So weird, but interesting. Makes me wonder... what's so bad about starting with a score sheet? Give me fragrance, aroma, flavor, acidity, body, aftertaste, overall, and then some nuance. Thanks a bunch you blabbers (and you know who you are).

Andi Trindle-Walker (of Volcafe Specialty) has a thing about recording intensity as well AND using the flavor wheel. She is on a mission to bring back the wheel and I'm all for it. Call me old fashioned - and I like single shots, too

Friday, October 07, 2005

   from chris

Northwest Regional Barista Competition

End of the month...
Seattle WA...
Hines and Stumptown presenting...
$1k first prize...
parties, people, espresso, beer...

Be there.
Be there.

Tuesday, October 04, 2005

   from Nick

Podcast #14... finally

Podcast Number 14 Pick your link below and right-click and select Save As (on PC) or Control-Click and select "Download Linked File" in MacOS to save it to your hard drive... OR click the "podcast" icon above for the RSS podcast feed (AAC format).

- Non-coffee talk
- North West Regional Barista Competition's coming up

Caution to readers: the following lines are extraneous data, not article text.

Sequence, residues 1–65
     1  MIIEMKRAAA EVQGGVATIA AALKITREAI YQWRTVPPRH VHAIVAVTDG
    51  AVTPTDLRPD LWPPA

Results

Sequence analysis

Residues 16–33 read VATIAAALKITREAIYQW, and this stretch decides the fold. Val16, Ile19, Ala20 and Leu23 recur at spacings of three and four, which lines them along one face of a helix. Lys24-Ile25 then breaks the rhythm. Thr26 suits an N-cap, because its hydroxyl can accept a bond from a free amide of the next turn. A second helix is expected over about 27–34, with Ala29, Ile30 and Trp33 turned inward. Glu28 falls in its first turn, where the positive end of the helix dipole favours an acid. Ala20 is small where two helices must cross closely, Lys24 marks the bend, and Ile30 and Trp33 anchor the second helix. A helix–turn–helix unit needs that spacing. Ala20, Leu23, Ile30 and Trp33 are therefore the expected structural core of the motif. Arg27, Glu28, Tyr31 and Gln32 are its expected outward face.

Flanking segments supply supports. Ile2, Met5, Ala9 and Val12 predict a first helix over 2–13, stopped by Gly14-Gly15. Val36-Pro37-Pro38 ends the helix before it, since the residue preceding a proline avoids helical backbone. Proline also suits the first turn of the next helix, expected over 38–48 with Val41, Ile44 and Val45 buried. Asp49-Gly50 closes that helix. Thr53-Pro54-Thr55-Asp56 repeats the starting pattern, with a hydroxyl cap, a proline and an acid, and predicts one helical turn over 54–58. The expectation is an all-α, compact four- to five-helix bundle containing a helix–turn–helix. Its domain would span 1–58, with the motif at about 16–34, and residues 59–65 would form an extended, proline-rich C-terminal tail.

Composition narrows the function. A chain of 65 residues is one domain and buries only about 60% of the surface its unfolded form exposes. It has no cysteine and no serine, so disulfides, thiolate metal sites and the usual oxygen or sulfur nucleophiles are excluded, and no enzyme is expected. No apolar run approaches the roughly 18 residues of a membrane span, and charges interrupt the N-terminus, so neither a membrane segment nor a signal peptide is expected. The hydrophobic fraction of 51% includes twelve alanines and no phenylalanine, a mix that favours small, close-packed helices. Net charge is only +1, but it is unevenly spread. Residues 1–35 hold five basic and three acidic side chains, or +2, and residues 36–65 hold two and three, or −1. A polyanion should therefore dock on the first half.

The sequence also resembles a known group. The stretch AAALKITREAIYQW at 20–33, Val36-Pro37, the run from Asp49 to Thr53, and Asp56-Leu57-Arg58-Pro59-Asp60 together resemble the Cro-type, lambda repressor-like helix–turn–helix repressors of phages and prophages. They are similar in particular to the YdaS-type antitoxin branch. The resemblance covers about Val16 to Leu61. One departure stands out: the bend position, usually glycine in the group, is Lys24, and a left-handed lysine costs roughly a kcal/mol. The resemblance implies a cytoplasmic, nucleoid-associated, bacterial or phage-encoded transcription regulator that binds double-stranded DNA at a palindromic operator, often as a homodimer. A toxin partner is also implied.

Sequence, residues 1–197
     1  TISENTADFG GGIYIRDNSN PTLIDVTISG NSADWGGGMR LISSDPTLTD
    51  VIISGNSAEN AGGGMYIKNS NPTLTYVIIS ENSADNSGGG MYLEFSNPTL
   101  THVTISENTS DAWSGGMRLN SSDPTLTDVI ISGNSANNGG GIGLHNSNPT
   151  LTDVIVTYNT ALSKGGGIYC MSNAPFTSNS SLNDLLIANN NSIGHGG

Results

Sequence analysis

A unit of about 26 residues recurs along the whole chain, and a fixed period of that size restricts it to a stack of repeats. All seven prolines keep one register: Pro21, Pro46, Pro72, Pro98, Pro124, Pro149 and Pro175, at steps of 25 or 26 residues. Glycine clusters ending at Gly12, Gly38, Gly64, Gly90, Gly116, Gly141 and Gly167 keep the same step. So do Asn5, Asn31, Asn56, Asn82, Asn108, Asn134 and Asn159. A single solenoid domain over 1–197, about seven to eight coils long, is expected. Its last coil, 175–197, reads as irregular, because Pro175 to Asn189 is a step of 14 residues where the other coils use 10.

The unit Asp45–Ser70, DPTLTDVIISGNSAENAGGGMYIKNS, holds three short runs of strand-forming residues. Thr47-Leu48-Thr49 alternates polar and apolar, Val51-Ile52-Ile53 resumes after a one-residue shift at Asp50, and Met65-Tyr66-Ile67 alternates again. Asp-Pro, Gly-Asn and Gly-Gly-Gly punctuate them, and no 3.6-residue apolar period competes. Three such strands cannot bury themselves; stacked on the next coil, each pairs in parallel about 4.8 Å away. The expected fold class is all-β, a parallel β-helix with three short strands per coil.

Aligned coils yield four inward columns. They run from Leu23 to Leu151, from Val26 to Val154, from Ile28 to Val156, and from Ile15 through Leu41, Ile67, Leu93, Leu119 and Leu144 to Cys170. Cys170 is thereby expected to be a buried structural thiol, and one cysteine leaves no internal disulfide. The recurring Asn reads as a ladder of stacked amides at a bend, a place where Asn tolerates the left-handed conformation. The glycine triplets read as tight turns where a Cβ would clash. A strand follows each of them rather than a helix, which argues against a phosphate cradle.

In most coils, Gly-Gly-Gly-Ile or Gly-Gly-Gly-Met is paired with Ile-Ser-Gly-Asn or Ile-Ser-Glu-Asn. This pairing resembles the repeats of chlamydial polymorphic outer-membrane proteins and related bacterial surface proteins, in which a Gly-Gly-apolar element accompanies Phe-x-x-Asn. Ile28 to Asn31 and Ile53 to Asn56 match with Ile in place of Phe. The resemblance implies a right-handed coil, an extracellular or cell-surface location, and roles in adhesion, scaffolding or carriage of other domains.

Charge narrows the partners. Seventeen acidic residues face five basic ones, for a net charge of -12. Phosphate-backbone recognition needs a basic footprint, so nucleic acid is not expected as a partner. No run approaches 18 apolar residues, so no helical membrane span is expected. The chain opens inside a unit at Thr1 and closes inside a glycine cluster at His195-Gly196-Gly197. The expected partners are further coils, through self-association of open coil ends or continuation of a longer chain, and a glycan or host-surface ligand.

- Had any good coffee lately?
- The Third Coffee Podcast (not ours, not CoffeeGeek's)
- Latte art for psychics. Send yours to:
- "What's Chris Tacy Thinking About Today?" (Scace device, Nordic Cup, more NWRBC hype, wikipedia)
- Crank calls to coffee people

TWO DIFFERENT FILES, but the same show... your choice (the AAC version sounds better and includes "bookmarking" for iTunes and iPods: if you stop midway, you can come back to where you left off) both: 1 hour 55 minutes and 53 seconds, 24 kbps bitrate, 32 kHz (24 kHz for MP3) sample rate.
MP3 format, 26.6 MB,
AAC format, 21.2 MB

Click here to go to the Portafilter Podcast on iTunes Music Store.

-- AAC XML feed -:- MP3 XML feed --

Questions? Comments? Hate mail? Email us at, and we might read your email during the next show.